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Chinese officials of the Mayors’ Class from the Nanyang Technological University (NTU) visiting the Corrupt Practices Investigation Bureau. The Mayor’s Class refers to the Master of Science in Managerial Economics and the Master of Public Adminis
Chinese officials of the Mayors’ Class from the Nanyang Technological University (NTU) visiting the Corrupt Practices Investigation Bureau. The Mayor’s Class refers to the Master of Science in Managerial Economics and the Master of Public Administration programmes offered by the university’s Nanyang Centre for Public Administration. -- PHOTO: NTU

Senior Chinese officials have turned heartlanders in Singapore, and they know just where to go to get cheap and fresh produce.

“We usually go to the market in Little India to buy a week’s supply of vegetables, meat and fruits,” an official told me recently.

“The prices are reasonable, and we can get almost all the ingredients we need there, ” he said.

“We now prefer to cook in our hostel as we are quite tired of the food at the nearby Adam Road Food Centre,” added the official, who arrived in Singapore in April for a one-year course at the Lee Kuan Yew School of Public Policy in Bukit Timah.

He was one of my classmates at a two-month course on public policy in Peking University last summer.

He, like most of the 47 Chinese officials - broadly considered second tier in the state and party adminstrations, just below ministerial level - in my class, had never been to Singapore. In fact, less than a handful of them had visited the Republic.

There were five Singaporeans, including myself, in that class, and we were often amused by the Chinese classmates’ questions about us, just as they were probably tickled by our ignorance about them.

“Do you all use chopsticks or fork back home?” one Chinese classmate asked me during lunch one day at the university canteen.

“Both, but I use chopsticks more often,” I replied.

He smiled and noted that it was strange I did not use the chopsticks to push rice directly into my mouth; instead, I push the rice onto a spoon before eating it.

“That’s one extra step that we Chinese don’t take,” he said.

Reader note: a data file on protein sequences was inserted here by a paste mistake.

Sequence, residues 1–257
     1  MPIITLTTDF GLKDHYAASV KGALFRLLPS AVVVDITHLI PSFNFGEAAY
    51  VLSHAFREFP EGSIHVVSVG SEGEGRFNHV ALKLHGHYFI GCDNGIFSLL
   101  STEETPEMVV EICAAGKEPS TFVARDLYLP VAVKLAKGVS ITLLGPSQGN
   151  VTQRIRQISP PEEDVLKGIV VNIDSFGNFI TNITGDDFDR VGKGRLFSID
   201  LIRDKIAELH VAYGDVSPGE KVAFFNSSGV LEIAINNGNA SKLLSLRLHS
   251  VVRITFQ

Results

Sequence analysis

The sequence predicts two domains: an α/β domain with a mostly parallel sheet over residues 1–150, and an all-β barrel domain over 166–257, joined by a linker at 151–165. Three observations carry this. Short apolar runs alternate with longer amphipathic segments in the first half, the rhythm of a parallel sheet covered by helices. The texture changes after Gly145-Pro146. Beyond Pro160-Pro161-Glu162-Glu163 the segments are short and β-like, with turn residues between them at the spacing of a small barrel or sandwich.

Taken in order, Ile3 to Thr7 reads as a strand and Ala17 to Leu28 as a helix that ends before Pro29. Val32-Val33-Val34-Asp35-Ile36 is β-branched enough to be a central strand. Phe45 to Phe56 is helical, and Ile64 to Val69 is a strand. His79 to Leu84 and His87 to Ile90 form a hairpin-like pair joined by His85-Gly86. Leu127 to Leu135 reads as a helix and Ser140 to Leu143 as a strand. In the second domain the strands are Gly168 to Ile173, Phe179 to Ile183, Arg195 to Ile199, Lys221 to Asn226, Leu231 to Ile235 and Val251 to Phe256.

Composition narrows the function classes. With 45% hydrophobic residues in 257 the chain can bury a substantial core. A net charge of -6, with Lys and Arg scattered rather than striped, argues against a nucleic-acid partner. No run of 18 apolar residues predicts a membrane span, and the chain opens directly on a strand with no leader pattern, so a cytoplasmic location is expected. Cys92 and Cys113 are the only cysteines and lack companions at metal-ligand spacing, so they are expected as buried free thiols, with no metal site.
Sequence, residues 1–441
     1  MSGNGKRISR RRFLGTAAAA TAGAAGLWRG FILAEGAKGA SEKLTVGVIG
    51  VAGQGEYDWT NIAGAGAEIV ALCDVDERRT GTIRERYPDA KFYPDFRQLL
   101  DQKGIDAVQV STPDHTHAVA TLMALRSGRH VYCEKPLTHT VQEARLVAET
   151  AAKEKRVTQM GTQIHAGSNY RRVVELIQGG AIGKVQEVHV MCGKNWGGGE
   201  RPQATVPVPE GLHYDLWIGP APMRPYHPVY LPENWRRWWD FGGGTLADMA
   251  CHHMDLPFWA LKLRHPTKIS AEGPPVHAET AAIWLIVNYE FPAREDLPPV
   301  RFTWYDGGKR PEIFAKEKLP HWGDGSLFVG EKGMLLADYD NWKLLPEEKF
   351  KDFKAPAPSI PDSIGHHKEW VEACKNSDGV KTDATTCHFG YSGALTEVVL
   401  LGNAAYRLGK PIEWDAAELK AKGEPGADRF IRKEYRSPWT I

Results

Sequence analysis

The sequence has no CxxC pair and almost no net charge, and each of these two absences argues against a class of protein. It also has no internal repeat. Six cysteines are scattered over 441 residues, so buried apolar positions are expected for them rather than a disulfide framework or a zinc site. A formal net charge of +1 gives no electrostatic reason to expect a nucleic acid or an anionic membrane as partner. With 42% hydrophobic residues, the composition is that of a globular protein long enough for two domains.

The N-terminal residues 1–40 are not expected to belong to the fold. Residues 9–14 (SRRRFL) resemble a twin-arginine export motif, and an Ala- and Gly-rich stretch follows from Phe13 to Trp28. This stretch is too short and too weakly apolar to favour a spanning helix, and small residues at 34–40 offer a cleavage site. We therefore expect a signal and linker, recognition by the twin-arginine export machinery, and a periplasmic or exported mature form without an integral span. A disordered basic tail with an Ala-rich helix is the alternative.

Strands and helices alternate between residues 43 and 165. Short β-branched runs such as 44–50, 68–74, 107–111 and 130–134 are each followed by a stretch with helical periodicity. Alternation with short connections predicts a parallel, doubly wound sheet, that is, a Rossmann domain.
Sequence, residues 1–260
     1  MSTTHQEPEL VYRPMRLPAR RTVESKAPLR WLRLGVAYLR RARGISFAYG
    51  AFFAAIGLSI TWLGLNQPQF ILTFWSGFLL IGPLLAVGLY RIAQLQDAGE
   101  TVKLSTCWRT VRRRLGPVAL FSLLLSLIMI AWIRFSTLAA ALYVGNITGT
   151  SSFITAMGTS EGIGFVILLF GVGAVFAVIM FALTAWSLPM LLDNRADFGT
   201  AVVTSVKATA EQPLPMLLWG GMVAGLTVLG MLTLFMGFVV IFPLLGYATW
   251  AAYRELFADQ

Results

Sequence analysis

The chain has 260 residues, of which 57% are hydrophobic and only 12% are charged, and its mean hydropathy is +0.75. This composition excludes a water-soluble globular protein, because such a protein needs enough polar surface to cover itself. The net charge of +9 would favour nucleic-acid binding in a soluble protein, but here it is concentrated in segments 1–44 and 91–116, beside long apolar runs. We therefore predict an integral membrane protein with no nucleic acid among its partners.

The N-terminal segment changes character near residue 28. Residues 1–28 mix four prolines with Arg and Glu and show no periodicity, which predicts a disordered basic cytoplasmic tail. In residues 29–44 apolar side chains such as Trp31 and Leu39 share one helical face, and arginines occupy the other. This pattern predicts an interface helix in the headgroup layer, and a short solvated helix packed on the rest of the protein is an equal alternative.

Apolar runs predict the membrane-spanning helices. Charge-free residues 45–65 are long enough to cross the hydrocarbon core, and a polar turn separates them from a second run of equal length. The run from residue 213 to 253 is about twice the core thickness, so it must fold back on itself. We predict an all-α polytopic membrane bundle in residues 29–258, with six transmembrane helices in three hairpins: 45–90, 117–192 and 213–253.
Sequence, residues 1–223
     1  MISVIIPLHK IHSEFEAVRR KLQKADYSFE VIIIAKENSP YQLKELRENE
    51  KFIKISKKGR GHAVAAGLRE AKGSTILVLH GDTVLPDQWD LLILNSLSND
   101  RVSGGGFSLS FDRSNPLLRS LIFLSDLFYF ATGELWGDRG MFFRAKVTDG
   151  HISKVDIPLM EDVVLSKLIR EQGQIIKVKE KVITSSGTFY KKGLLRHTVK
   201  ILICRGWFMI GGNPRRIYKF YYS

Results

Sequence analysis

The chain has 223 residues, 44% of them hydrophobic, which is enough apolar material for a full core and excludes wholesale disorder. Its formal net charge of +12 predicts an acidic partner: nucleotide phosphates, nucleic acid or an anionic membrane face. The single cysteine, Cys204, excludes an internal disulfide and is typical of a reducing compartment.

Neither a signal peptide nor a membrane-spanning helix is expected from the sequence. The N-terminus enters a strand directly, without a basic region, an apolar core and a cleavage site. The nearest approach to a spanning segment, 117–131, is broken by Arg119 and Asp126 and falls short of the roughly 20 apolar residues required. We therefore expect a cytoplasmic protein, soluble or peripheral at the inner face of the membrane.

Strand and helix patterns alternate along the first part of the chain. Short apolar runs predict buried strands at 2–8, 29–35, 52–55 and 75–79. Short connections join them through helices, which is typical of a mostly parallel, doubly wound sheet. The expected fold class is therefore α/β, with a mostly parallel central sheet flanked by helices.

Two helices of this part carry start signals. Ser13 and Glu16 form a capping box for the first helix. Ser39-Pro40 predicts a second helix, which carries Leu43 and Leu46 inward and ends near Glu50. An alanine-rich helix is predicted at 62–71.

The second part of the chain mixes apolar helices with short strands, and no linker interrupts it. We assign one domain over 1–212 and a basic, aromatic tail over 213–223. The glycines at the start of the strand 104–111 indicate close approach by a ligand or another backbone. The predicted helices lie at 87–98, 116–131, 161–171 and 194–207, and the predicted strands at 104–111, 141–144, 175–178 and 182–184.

Another Chinese classmate had asked me: “Do you all usually have Chinese or Western dishes?”

While many of our Chinese classmates told us that they do not view us as outsiders, they do, however, consider us as “Westernised ethnic Chinese”.

On another occasion, when I gave them souvenirs bought from Singapore, one of the classmates asked: “Should we unwrap the gifts now? In Western culture, we are supposed to open the gift in front of the giver right?”

Many Chinese officials may be familiar with Singapore’s top leaders and some of our public policies, but they are less familiar with our culture and way of thinking, which they feel are heavily influenced by the West.

Every year, some 7,000 Chinese government officials receive training in Singapore, in areas of vocational and technical education management, leadership and soft skills management, according to International Enterprise Singapore.

More people-to-people exchanges at all levels are necessary for us to learn from each other and forge stronger friendships, and for Singapore to remain relevant to the world’s second biggest economy.

Incidentally, most of the 47 Chinese officials in my class have travelled to The United States and many other European countries on work trips to learn more about them.

So I was glad to hear from my former classmate that he has found the course in Singapore very educational and helpful.

Taught in Mandarin, the course provides an in-depth look into areas including Singapore’s housing, urban renewal and economic policies, and even the role of the media here.

“The lessons are relevant and help me understand the makings of effective policies,” he said. “Just look at the walkway shelters you have here, it shows how considerate the government is,” he pointed out.

However, another Chinese official from Beijing, who is at the Lee Kuan Yew School of Public Policy for a separate one-year course, questioned the likelihood of their being able to implement similar policies back in China.

Still, both said they are enjoying their stay in Singapore.

My ex-classmate said he and his current classmates have been exploring Singapore on many weekends, listing the places they have been to, some of which I have yet to visit myself.

“But we have not been to a hair salon here, we don’t know which one to go to,” he said. “So one of our classmates have assumed the role of the in-house barber.”

“How do you like my crew cut?” he asked.

“Not bad at all,” I said, impressed by the multiple talents of these Chinese officials.

Next month, another of my classmate from the Peking University programme will arrive for a brief study visit. Hopefully, many more will come.

connieer@sph.com.sg